The Nemosine Singularity is the first Nemosine pen that I heard about online. It seems to be quite popular because it’s very affordable and there are choices of demonstrators, solid colors, and the fancier acrylic models. Everything Calligraphy sent these over for review and I must say I can understand the appeal these pens have.
The body is made of plastic, and it’s really light. It may make the pen feel cheap, since we often equate weight with build quality, which isn’t always the case with fountain pens. Like the Neutrino and Fission, Singularity has a very simple design. It’s quite likable, really. The trims are simple and minimalist, and there aren’t too many details in the design. If the Neutrino and Fission are all about smooth lines, Singularity has some edges to it.
It’s a pretty neat design. The way I see it, it’s much cheaper than a Lamy Safari, and with a more classic look and feel. Since it has no metal parts in the interior of the barrel, I believe one can also use it as an eyedropper.
I like the selection of their solid colors, especially these two (ivory and walnut). These are probably my favorite solid colors of Singularity.
It has a nice boxy look to it, I think. The clip is alright, it’s usable. I like the faceted look and the fact that it’s a little wide or chunky. As simple as the pen’s design is, the clip is that one thing that catches the eye and gives it a solid look.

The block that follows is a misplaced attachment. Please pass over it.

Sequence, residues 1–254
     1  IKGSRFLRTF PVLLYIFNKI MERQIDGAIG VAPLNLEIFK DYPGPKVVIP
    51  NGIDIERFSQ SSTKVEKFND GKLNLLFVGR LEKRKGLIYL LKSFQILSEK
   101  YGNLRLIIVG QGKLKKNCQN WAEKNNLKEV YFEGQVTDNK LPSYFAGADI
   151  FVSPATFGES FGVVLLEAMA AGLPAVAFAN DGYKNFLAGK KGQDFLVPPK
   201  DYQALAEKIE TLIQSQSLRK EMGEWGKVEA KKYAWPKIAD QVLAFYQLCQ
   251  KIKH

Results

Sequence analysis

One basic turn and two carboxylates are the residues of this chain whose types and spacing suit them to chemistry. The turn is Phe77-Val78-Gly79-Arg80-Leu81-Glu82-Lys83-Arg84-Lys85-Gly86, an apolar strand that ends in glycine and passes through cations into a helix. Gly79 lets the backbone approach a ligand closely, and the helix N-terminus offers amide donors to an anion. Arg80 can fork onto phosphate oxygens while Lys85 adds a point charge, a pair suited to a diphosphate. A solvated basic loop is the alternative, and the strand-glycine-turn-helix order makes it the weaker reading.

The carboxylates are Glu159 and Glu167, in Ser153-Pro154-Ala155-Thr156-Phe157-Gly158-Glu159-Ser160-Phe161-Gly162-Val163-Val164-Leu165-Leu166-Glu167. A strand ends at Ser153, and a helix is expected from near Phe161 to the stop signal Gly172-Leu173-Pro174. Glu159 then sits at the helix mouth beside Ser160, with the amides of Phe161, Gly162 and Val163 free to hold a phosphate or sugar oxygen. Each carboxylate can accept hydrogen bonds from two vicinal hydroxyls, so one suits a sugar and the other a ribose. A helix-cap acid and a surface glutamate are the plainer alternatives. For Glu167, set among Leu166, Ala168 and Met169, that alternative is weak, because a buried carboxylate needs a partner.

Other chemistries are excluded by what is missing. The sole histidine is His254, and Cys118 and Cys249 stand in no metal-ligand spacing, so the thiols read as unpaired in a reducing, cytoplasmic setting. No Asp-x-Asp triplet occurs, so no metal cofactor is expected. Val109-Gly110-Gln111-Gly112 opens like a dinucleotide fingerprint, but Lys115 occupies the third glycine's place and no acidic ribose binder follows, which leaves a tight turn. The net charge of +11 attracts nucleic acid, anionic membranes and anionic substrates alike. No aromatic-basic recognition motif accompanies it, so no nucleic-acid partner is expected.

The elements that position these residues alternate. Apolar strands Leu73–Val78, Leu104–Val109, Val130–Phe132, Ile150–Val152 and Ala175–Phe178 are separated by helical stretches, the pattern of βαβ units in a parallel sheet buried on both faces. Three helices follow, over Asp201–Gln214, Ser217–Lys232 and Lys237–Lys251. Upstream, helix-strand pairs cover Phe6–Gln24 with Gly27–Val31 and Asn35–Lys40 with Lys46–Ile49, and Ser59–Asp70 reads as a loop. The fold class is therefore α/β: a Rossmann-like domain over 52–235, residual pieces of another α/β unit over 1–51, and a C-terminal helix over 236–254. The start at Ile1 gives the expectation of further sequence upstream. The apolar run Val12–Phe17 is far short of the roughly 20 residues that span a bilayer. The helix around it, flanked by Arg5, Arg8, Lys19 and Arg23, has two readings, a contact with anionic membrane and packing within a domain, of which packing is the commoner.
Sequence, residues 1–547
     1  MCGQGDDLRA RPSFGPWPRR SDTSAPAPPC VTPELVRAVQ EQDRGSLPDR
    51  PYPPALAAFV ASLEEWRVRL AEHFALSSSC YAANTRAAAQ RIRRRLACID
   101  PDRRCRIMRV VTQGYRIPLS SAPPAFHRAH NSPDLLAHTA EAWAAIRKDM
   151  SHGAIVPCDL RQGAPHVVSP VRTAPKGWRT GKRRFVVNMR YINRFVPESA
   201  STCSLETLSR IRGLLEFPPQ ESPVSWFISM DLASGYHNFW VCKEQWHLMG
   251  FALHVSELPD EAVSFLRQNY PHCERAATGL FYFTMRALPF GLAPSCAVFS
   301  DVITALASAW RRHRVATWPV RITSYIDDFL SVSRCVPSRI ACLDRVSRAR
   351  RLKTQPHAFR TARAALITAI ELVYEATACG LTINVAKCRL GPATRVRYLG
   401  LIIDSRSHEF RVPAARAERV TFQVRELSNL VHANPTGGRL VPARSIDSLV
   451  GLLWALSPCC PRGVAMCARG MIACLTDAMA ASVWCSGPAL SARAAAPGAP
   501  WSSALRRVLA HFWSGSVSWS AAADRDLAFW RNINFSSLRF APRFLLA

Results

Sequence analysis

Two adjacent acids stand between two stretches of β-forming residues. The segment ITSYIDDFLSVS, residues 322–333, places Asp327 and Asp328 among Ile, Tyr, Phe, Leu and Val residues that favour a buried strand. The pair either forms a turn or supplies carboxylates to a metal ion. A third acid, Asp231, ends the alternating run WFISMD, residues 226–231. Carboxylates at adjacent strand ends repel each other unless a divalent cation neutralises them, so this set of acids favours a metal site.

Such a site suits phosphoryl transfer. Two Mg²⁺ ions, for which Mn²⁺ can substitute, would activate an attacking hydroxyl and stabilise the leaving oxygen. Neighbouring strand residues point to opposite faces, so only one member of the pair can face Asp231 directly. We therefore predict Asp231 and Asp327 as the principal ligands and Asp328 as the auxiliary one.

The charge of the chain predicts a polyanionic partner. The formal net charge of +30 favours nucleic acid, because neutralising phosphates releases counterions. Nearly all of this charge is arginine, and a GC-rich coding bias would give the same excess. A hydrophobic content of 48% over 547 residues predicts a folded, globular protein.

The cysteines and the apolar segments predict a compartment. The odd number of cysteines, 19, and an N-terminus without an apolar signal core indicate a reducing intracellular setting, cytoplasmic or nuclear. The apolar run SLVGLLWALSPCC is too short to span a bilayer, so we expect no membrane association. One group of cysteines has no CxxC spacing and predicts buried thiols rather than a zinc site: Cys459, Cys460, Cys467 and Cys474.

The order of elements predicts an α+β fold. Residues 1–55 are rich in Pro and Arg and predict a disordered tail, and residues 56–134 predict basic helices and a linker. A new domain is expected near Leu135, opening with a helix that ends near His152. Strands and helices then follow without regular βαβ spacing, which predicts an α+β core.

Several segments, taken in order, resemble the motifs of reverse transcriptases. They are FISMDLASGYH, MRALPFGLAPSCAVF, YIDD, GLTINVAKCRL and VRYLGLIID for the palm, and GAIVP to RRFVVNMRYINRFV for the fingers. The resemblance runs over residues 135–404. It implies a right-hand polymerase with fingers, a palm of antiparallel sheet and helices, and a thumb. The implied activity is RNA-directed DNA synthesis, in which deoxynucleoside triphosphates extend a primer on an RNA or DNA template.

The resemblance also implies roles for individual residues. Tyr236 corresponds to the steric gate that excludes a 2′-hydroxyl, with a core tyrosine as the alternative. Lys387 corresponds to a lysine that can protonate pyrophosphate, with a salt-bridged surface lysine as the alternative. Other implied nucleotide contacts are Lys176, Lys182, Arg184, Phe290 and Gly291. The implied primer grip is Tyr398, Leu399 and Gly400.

The section is smooth and comfortable. The size is proportional to the pen’s length, which makes it relatively short because it is a pretty small pen, but the section is okay. It’s sensible.
The demo colors of this pen are awfully cute. I don’t usually like colored demonstrators but the purple and aqua demos are pretty nice.
It also comes with extra ink cartridges in the box, as well as a plastic converter.
Like the Fission model, this pen uses a #6 nib. I like the etchings on the nibs of these pens. They’re pretty intricate without being too gaudy. Like the other pens that I tried, the nib on this one worked right out of the box (don’t you just love it when that happens?) and is a smooth and wet writer.
For a budget pen, I noticed that the nib is very reliable. I actually enjoyed writing with it.
Here’s a video of the writing sample for this pen:
I find that the broad nib on this pen is just a bit wider than the medium nib on a Lamy. It’s sufficiently wet and smooth, even without tuning. I suppose it can write better with a bit of adjustments.
Overall, it’s a pretty nice budget pen. It comes in plenty of pretty colors, it has an appealing minimalist design, it’s comfortable to use and the nib is pretty good out of the box. Some people may find it too light, some will like the weight just fine. It’s really a matter of preference. A pretty nice pen, overall.
The Nemosine Singularity is available at Everything Calligraphy.
Disclaimer: As I mentioned before, I am not affiliated with Everything Calligraphy. This is NOT a paid blog post and I DON’T do paid reviews.